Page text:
Goats get a bad press...
Monday, April 27th
Boys in Kiambu, north of Nairobi
One of the good things about social media is being able to keep in touch with friends and family all over the world. Yesterday, I came across a post from a friend Jenny and I haven’t seen for eleven years – Joseph. His proper name is Wanyoike Kuria, but he was known to us as Joseph, an Anglican priest in Thika, Kenya.
When we are immersed in our troubles here in the UK, it is easy to forget that other people in other parts of the world are also suffering – especially when the news features little beyond our shores, apart from a brief glimpse of Donald Trump’s antics and a few comparative statistics from the Covid-19 league tables.
Having been reminded of our friends in Kenya does help to put our own dilemmas into some kind of perspective. Christian Aid, Médecins Sans Frontières, Medical Aid for Palestine; they and other charities remind us that it’s hard to wash your hands regularly when you have no water supply or keep a safe distance from others when you are crammed into a refugee camp. The scale of their challenges is mind-numbing.
The danger is that in the current crisis, we do become numb to the needs of people in other parts of the world. It is fantastic that we can give so generously to support the efforts of Captain Tom and the Big Night In. And I’m sure some will quickly point out that charity begins at home. Well, it has!
But having begun at home, shouldn’t it continue and look beyond the immediate family towards our global family? We are all God’s people and we cannot seriously go along with the humorous adage, ‘God loves us all – but I’m his favourite.’
Jesus offered a striking response to the question posed in the parable of the sheep and the goats, ‘Lord, when did we see you hungry and feed you, or thirsty and give you something to drink? When did we see you a stranger and invite you in, or needing clothes and clothe you? When did we see you sick or in prison and go to visit you?’ The King will reply, ‘Truly I tell you, whatever you did for one of the least of these brothers and sisters of mine, you did for me.’ (Matthew Chapter 24)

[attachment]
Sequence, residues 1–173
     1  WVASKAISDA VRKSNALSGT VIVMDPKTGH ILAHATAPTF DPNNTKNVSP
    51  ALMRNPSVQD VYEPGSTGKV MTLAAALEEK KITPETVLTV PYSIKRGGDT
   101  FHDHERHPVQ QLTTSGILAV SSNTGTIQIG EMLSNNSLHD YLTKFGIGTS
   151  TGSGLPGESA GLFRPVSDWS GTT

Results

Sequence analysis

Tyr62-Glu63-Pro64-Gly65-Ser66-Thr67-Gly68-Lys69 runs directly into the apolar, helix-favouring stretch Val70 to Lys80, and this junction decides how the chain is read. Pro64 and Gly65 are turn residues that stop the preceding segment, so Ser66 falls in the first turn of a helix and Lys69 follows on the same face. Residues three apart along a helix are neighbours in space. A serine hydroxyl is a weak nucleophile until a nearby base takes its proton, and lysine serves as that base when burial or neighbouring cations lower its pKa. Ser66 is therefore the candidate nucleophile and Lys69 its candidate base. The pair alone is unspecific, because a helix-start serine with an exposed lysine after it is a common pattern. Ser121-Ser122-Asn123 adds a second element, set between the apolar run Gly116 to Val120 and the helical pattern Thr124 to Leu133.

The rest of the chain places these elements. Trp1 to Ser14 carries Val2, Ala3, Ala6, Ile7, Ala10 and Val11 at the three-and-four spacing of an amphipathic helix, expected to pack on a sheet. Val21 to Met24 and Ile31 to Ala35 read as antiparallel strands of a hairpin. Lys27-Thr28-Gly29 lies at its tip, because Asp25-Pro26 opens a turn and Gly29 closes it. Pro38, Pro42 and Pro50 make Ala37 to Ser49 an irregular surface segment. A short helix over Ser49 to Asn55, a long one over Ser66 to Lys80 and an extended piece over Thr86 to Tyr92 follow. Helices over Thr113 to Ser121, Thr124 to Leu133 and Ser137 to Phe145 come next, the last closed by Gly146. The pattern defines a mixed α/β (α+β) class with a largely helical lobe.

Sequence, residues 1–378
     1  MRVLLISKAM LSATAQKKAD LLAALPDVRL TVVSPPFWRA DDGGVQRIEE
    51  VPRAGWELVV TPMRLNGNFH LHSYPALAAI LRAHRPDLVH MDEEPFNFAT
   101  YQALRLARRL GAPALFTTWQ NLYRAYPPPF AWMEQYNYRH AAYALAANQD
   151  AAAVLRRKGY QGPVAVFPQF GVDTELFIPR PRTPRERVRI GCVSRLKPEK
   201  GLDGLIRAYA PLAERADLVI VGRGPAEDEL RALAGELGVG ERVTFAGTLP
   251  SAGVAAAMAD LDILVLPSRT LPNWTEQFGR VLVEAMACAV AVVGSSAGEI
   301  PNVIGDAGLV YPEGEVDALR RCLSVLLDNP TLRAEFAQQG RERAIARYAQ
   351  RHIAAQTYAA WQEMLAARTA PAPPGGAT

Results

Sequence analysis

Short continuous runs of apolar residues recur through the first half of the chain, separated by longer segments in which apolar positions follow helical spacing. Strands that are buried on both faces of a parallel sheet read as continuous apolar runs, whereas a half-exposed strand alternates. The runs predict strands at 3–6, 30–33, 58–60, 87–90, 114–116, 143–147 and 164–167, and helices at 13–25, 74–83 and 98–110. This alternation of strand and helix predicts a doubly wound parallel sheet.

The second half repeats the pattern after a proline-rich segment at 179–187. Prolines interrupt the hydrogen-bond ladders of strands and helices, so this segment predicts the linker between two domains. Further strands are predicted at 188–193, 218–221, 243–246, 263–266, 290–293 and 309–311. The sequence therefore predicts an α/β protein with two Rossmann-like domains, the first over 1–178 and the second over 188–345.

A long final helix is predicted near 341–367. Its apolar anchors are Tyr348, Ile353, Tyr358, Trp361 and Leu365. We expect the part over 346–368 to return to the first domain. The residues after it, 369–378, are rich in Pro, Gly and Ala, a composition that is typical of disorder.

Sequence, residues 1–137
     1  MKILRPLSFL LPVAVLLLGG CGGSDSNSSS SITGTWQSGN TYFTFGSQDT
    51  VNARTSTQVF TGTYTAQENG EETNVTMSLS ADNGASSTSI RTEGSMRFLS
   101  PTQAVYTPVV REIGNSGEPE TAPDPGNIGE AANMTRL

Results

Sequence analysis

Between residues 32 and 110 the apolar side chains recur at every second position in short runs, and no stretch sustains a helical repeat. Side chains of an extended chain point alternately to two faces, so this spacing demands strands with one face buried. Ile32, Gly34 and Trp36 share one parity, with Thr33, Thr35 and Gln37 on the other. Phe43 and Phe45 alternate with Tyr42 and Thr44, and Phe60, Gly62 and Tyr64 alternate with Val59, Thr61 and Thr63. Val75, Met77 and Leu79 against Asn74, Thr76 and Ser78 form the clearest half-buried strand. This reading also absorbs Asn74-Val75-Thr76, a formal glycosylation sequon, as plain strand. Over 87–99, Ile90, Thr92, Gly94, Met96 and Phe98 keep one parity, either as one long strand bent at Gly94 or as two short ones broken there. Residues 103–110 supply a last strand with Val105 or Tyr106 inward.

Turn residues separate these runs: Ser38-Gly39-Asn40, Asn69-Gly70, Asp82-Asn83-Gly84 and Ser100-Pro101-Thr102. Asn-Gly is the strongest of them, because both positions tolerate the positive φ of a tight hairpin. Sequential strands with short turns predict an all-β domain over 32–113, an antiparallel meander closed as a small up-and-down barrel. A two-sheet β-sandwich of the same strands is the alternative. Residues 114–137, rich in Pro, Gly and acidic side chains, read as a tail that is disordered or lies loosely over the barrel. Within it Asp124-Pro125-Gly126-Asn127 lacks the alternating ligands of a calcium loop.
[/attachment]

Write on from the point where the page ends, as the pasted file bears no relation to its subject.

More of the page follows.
Talking of goats takes me back to Kenya and the food we were so generously given by our hosts in Kiambu, Thika and other towns north of Nairobi. Their generosity must have been costly in terms of what they possessed but was given without reservation. Hopefully, we can reciprocate from our relative plenty and affirm that we can get through this – together.
Mother, Father God,
Thank you for those who provide food banks for the hungry of our nation and those who offer safe shelter for the homeless on our streets.
Help us to reach out to our global family and offer the same support through those who work through the UNHCR and the many charities who are working relentlessly to serve the victims of warfare, poverty and disease worldwide.
May we never turn a blind eye to the suffering of others, but look outward in love and compassion to all who suffer.
Mural of the Last Supper in Thika, Kenya